start with 2 channel setup w/ center speaker?

Discussion in 'Apple TV and Home Theater' started by hashilli, Nov 24, 2009.

  1. hashilli macrumors member

    Joined:
    Feb 13, 2007
    #1
    I'm interested in getting some Polk Monitor 70's for some fronts, stereo listening for now. (Don't have an amp picked out yet) I am wondering if it I should add a Polk CS20 for a center channel to start with? I'd don't think I want to add a sub, not nor in the future. I'd rather get some monitor 50s to the sides?

    For now, I'd like to start with just the monitor 70's in the front. Would it be beneficial to start the setup with a center channel too? Is it even possible?

    Would you just simply set this up as a 2 channel setup with the 70's only? Start with a 5.1 amp and run the fronts and center? Or is it better to get the fronts only and get the center when I can get the sides?


    If you feel like offering any more help, any 5.1 amp suggestions? Movies, internet and music will be coming from a PC with a optical/3 color audio out and an old video card with just s-vid, component and composite out. Of course this will change into the future.
     
  2. nutmac macrumors 68040

    Joined:
    Mar 30, 2004
    #2
    IMHO, for movies and TV programmings anyway, center channel is the most important channel in home theater. If your room allows it, there is nothing wrong with using identical speakers across the front, although accommodating tower standing speaker as a center channel such as Polk Monitor 70 can be a challenge.

    As a rule of thumb, you want the timbre (tonal quality) across all the multi-channel speakers as similar as possible, which means having identical speakers is the most ideal.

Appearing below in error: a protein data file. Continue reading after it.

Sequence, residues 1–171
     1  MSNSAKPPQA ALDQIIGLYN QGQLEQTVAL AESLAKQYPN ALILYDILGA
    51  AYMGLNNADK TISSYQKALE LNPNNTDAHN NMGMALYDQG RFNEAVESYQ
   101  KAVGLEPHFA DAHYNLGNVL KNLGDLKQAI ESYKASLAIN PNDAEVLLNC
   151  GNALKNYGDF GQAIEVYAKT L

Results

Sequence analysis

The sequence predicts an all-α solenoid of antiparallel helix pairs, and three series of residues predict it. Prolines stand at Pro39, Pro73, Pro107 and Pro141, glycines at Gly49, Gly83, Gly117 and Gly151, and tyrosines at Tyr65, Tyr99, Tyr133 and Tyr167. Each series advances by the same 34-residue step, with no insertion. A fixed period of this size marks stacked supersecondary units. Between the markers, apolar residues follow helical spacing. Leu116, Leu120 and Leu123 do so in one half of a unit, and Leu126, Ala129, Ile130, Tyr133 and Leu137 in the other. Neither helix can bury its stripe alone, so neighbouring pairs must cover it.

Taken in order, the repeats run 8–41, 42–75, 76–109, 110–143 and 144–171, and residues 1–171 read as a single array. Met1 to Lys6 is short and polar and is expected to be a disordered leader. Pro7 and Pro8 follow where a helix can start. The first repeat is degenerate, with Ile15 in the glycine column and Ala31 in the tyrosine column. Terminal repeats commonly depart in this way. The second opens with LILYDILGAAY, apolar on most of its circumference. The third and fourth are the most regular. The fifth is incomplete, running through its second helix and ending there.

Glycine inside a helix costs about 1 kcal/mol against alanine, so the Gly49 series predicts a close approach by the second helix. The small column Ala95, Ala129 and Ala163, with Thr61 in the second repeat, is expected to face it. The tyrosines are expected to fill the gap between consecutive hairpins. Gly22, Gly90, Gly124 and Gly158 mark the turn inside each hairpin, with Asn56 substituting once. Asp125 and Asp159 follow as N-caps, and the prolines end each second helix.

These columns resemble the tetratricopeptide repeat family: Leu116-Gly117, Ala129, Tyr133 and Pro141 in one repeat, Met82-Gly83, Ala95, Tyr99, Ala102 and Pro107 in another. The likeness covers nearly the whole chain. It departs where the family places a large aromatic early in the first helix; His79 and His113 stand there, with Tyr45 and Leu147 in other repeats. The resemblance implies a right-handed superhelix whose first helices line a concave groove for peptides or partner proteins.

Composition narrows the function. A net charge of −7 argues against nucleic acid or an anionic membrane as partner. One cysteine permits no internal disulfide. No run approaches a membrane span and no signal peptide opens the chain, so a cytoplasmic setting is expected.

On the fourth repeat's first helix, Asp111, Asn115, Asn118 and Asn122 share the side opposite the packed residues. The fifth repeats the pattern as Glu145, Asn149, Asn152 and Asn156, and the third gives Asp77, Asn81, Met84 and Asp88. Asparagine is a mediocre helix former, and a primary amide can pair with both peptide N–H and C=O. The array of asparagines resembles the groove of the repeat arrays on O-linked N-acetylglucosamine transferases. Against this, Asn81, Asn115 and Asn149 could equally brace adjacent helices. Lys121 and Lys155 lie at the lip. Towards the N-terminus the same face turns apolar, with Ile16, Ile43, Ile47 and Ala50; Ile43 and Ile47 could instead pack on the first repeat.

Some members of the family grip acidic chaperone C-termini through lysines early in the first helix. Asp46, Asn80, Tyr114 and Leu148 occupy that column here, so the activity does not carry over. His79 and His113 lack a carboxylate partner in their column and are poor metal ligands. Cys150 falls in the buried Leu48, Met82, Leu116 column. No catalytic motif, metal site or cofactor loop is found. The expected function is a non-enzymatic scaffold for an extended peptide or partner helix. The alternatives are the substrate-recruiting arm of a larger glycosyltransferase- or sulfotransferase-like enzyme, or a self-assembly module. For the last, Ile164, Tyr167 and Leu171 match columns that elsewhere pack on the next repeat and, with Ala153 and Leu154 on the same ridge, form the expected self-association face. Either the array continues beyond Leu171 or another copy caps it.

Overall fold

Regarding receiver, it is my understanding (although I am not particularly familiar with this model) that Polk Monitor 70 is fairly efficient and laid-back sounding speaker so it should work fairy well with most decent receivers. I have no idea as to your requirements (price, features, usage), but both Denon (e.g., AVR-790 and AVR-890) and Onkyo (e.g., TX-SR607 and 707) are fairly popular among budget-minded audiophiles.
     
  3. hashilli thread starter macrumors member

    Joined:
    Feb 13, 2007
    #3
    Would having two fronts and one center only be too weird?

    I think you slightly misunderstood me. This will be a HTPC setup to a TV but also for music playback. My main question was questioning if having two Monitor 70's in front in setup would be benefited by adding a center channel - the Polk CS20.

    It seems like an odd setup when I think about it. I guess my question is can I use a 5.1 receiver in a setup with out the sub and side speakers? Would having two fronts and one center only be too weird?
     
  4. nutmac macrumors 68040

    Joined:
    Mar 30, 2004
    #4
    Most receivers allow flexible speakers configuration. You can have 1.x (C), 2.x (L-R), 3.x (L-C-R), 4.x (L-R-LS-RS), and so on. All you have to do is specify whether the speaker is present or not. And most allow you to specify whether the speaker is small (poor low frequency response) or large (good low frequency response). (If you configure Monitor 70 as large and CS20 as small, bass/low frequency effects from the center channel may be routed to Monitor 70.)

    Of course, you won't get much of surround sound with 2.0 or 3.0 setup. If you watch TV programs or movies with dialog, you will definitely want the center speaker. This way, you will get clear dialog and solid center channel effects. Stereo setup can support dialog, but only for those sitting in the sweet spot.
     
  5. hashilli thread starter macrumors member

    Joined:
    Feb 13, 2007
    #5
    So, 3.0 is possible.

    Thanks nut for the detailed response. Would you still recommend any of the receivers that you listed above for a 3.0 setup?
     
  6. nutmac macrumors 68040

    Joined:
    Mar 30, 2004
    #6
    Sure, both Denon and Onkyo are very good choices. They have many models, so you may want to look at features and reviews to select what's right for you.

    At the risk of simplifying, it all boils down to:
    • Quality of the power amp section: rating isn't as important as the quality
    • Number of inputs
    • Video scaling: better models will upscale all video signals to 1080i/p
    • Audio codecs and/or processing modes: aside from Dolby IIz and THX processing modes, all the new models should have everything covered
    • Analog-to-digital audio converter and digital-to-analog audio converter
    • Ergonomics, design, build quality
     

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